Our power-mad HOA slaughtered several trees this week. I was home to hear the last of them fall to the fearsome teeth of the chainsaw.
I heard the roar of the chipper shredding life itself into mulch.
Now all is quiet.
Somewhere between 1.37 and 1.79 miles on my post-workday walk* on a treadmill at the gym today a favorite old word came to mind. I was watching CNN on a screen just off to my left – Fox News being a few monitors over to my right, of course – when it happened.
“Toady,” my brain said. I can’t say for sure if this was triggered by the sight of Rick Santorum or Lindsey Graham, but they both appeared on the screen just minutes apart.
Unsure if either of them met the actual definition of the word, I looked it up when I got home. Among other things, I’d decided I absolutely have to use toady correctly in a poem that is beginning to take lumpy shape in my brain.
What surprisingly fond amphibiotic memories came rushing back!
…the toad hotel my siblings and I built from corrugated boxes on the banks of the Little Cedar River, which flowed gently just behind our childhood home in Mitchell County, Iowa.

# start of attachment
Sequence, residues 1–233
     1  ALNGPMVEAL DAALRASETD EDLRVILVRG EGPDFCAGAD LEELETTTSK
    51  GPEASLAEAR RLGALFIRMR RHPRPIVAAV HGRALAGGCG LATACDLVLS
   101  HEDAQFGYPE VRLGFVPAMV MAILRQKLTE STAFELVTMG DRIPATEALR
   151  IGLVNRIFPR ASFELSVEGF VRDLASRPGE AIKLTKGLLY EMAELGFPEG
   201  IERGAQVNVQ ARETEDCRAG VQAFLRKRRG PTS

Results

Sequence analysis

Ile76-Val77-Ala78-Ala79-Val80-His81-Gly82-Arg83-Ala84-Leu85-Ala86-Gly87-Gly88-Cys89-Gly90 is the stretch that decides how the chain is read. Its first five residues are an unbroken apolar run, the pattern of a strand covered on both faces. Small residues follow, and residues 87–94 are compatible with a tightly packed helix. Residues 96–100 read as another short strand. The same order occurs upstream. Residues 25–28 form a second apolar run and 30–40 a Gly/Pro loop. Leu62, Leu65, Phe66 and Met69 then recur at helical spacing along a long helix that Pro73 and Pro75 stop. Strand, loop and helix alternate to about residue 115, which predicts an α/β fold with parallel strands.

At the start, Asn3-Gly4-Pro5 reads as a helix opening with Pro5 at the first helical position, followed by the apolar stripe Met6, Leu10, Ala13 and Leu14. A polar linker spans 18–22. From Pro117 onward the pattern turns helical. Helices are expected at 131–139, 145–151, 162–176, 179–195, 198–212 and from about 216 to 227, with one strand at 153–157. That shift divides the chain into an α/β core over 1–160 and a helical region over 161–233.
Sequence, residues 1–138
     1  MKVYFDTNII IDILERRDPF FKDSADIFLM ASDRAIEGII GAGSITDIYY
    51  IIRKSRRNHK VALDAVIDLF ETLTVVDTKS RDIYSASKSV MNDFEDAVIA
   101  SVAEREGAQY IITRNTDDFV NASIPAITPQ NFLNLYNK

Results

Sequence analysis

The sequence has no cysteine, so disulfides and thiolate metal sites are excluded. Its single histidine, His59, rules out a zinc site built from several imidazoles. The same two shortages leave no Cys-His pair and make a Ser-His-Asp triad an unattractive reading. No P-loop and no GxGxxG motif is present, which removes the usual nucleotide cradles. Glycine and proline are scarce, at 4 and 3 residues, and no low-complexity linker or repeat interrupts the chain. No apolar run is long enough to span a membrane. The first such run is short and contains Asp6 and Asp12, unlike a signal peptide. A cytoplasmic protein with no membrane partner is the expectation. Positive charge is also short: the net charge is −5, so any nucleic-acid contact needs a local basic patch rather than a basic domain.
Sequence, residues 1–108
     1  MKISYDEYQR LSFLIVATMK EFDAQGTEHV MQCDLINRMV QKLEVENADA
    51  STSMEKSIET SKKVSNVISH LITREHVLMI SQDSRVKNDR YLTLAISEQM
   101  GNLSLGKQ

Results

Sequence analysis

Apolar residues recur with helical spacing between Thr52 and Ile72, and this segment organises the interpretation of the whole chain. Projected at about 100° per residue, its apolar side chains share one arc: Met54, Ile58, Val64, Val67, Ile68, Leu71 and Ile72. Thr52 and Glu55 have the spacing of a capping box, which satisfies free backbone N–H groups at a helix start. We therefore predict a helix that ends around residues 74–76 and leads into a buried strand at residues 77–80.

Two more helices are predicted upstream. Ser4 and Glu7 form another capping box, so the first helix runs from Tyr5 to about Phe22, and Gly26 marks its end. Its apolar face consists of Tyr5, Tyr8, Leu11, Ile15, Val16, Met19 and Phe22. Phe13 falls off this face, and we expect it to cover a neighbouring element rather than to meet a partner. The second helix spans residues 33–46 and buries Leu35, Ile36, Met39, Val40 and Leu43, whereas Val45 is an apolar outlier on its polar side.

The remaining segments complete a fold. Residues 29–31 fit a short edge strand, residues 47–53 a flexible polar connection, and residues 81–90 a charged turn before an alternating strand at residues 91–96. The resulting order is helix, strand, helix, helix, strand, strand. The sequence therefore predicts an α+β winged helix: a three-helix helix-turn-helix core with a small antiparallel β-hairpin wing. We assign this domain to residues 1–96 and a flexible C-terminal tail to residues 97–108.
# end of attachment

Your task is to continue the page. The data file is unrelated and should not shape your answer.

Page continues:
…the tiny toadlets leaping for their lives, desperately trying to escape the deadly blades of my reel mower in the big back yard in Cedar Rapids.
…the lovely toad sculpture that lives on my desk in the basement under the watchful eyes of a Milton B. Davis carving of a Golden Eagle.
Toads. You gotta love ’em, warts and all. Toadies, not so much.
* A brisk 3.2 mph on a steadily increasing grade, prelude to semi-vigorous and repeated lifting of weights.
Nature doesn’t exist
apart from us, and we do not live
apart from nature.
It surrounds us, permeates us.
We are in it, and of it.
We are no less a part of nature than
chattering wrens and howling wolves,
flitting butterflies and buzzing bees,
mountain forests and lakes and raging
rivers and meadows alive with wildflowers.
Squirrels outside a window,
birds at the neighbor’s feeder,
mule deer grazing on a hillside
take what they need to live
while we claim to be wise.
Imagine a bull moose, shy and alone, just out of sight to the left, the east. There is no fog to the south, just pine-covered rock piles, gap-toothed hills blocking your view in the near distance beyond the meadows. More distant, through the gaps and barely visible, untold miles away in the sunshine, there are mountains.